They know you better than you know yourself
What are we willing to accept as the “new normal” post-COVID? Our recent history post-9/11 might give us some insight.
We declared a “war on terror” that by its parameters was to be never-ending, and we are on the way there.
Think about it: you still take your shoes and belt off at the airport.
Whatever good that does, right?
But you still do it.
Because you’ve been conditioned to do it.
That it’s for your own good.
So analog, this level of control.
9/11 was pre-social media, which is hard to fathom, that there was an era pre-social media, but Facebook didn’t come along until 2004, Twitter until 2006.
Smartphones as we know them now weren’t even a distant cousin of what we know now until 2007.
The architects of the “war on terror” couldn’t have fathomed having the kinds of controls that the similarly minded of today have at their fingertips.
One way to look at our addiction to our devices is that it’s conditioned us in a way similar to how we blindly act in airports.
Think about the apps you use regularly: social media, weather, your favorite sports app.
They all ask to use your location, to allow what are called cookies, all to be able to better give you the information you want as quickly and painlessly as possible.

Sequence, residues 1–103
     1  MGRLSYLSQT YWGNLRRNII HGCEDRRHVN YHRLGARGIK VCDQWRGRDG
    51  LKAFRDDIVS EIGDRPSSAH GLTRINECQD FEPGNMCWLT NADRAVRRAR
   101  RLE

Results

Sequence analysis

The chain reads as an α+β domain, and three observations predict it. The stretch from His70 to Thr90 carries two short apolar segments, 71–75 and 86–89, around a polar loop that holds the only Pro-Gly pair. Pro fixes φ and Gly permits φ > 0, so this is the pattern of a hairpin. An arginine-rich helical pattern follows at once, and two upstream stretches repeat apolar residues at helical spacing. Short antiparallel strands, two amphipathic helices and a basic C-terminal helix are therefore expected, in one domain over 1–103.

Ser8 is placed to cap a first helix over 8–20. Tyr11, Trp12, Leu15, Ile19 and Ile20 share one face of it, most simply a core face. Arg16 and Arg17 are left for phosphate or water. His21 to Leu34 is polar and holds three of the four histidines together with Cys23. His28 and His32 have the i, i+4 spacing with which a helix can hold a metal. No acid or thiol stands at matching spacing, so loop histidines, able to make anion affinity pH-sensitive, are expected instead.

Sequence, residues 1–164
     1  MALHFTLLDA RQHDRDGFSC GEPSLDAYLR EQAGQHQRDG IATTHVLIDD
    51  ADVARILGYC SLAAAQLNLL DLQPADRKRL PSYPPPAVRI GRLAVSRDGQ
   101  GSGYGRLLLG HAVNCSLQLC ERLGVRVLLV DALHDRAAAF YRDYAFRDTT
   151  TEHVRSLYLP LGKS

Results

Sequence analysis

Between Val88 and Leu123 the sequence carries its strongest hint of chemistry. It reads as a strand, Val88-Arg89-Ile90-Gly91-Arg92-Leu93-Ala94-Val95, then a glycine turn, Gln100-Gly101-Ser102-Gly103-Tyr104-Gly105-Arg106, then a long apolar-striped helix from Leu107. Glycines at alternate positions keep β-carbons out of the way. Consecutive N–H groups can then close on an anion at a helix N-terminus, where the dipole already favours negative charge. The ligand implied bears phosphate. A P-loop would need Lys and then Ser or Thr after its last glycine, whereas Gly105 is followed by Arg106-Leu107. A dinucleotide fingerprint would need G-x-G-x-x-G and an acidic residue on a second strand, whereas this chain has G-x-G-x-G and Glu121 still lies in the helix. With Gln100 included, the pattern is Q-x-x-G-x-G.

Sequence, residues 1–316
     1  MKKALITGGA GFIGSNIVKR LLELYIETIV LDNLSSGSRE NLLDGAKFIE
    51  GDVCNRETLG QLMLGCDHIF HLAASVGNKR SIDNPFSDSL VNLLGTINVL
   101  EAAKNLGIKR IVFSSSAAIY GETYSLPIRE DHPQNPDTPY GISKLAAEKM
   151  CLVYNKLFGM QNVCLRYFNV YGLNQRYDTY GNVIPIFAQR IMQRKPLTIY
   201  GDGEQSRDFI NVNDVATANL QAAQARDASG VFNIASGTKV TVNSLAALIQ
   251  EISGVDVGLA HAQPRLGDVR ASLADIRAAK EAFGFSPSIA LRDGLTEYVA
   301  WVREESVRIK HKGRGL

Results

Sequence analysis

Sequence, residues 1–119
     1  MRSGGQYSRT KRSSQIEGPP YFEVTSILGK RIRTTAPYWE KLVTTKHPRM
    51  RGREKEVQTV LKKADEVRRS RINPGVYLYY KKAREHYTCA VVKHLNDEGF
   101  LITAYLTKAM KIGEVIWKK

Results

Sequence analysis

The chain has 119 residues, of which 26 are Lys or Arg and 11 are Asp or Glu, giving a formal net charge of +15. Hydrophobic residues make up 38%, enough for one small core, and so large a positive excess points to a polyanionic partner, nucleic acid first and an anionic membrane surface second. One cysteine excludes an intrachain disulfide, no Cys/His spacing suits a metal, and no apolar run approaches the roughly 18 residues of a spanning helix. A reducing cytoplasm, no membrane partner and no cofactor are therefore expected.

They know where you are, where you’ve been, where you’re going.
They know what you read, what you’ve searched for.
They know you better than you know yourself.
You’ve blindly allowed them to.
Now that states are rolling out COVID tracing apps, you’re going to download one, because you’re told that you need to.
They’re not making you, same as they don’t make you do anything.
You don’t need apps. You don’t need a smartphone.
You don’t need to take your shoes and belt off at the airport.
You don’t have to fly. You could drive, take a train, stay at home.
We acquiesce to a lot in the name of security, in the spirit of expediency, now in the interest of health and well-being.
We’re told those things, anyway.
You don’t want to believe that it’s being done in the service of something sinister, and if pressed, I’d say I don’t believe there to be ill will on the part of some overlord set behind some plot to use all the data that we allow to be collected against us.
It’s inescapable, though, that it wouldn’t be hard at all to almost literally flip a switch and turn things in a different direction.
And that’s not the scary part.
The scary part is: you wouldn’t even necessarily know.
Story by Chris Graham